Thursday, November 23, 2006

Saint Agatha

Agatha was very beautiful and lived in Sicily in the third century. The governor heard how beautiful she was and brought her to his palace. He wanted to make her commit sins, but she was brave and would not give in.

She prayed, "My Lord Jesus Christ, you see my heart and you know my desire. I am all yours. Save me from this evil man. Make me worthy of winning out over the devil."

The governor then sent Agatha to the house of a wicked woman and hoped she would become bad too. Agatha had great trust in God and prayed all the time. She kept herself pure. She would not listen to the evil ideas of the woman and her daughters.

After a month, she was brought back to the governor. He tried again to win her. "You are a noblewoman," he said kindly. "Why have you lowered yourself to be a humble Christian?"

"Even though I am a noble," answered Agatha, "I am a slave of Jesus Christ." "Then what does it really mean to be noble?" the governor asked. Agatha answered, "It means to serve God."
When he realized that she would not sin, the governor became angry. He had Agatha whipped and tortured.

Agatha soon died a martyr at Catania, Sicily, in the year 250.

Monday, November 20, 2006

Saint Martha

Martha was the sister of Mary and Lazarus who lived in the little town of Bethany near Jerusalem. They were dear friends of Jesus, and he often visited them. In the Gospel of St. John we see: "Jesus loved Martha, and her sister Mary and Lazarus."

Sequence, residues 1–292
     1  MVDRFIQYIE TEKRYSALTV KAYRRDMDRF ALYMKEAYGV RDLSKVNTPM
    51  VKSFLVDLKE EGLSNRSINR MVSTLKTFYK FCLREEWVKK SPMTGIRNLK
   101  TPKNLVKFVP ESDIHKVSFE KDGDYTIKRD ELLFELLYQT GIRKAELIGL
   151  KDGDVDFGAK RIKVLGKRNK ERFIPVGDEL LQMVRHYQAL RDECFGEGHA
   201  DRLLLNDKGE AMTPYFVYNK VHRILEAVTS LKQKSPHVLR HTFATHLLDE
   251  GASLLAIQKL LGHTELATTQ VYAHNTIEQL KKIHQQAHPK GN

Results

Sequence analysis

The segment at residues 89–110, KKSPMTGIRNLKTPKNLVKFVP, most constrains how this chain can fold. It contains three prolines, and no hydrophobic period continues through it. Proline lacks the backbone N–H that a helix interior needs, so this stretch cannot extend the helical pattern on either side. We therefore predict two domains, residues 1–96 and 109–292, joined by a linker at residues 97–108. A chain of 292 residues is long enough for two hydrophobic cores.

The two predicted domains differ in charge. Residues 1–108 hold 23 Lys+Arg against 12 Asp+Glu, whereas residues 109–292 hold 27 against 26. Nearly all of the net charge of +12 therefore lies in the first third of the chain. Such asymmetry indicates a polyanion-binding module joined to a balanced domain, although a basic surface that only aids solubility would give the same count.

It was St. Martha who lovingly served the Lord when he visited them. One day, she was preparing a meal for Jesus and his disciples. She realized that the task would be easier if her sister Mary would help instead of sitting quietly at Jesus' feet, listening to him.

"Lord, tell my sister to help me," Martha suggested. Jesus was very pleased with Martha's loving service but he wanted her to know that listening to God's Word and praying is even more important. So he said gently, "Martha, Martha, you are anxious about many things, but only one thing is necessary. Mary has chosen the better part."

St. Martha's great faith in Jesus was seen when her brother Lazarus died. As soon as she heard that Jesus was coming to Bethany, Martha went to meet him. She trusted Jesus and said to him: "Lord, if you had been here, my brother would not have died."

Jesus told her that Lazarus would rise. He said, "He who believes in me, even if he dies, shall live. Do you believe this?" Martha answered, "Yes, Lord, I believe that you are the Christ, the Son of God, who has come into the world." Jesus worked a great miracle and raised Lazarus from the dead!

Later, Jesus came again to have supper with Lazarus, Martha and Mary. St. Martha served them at table as always. This time, though, Martha did it lovingly and served them with a joyful heart.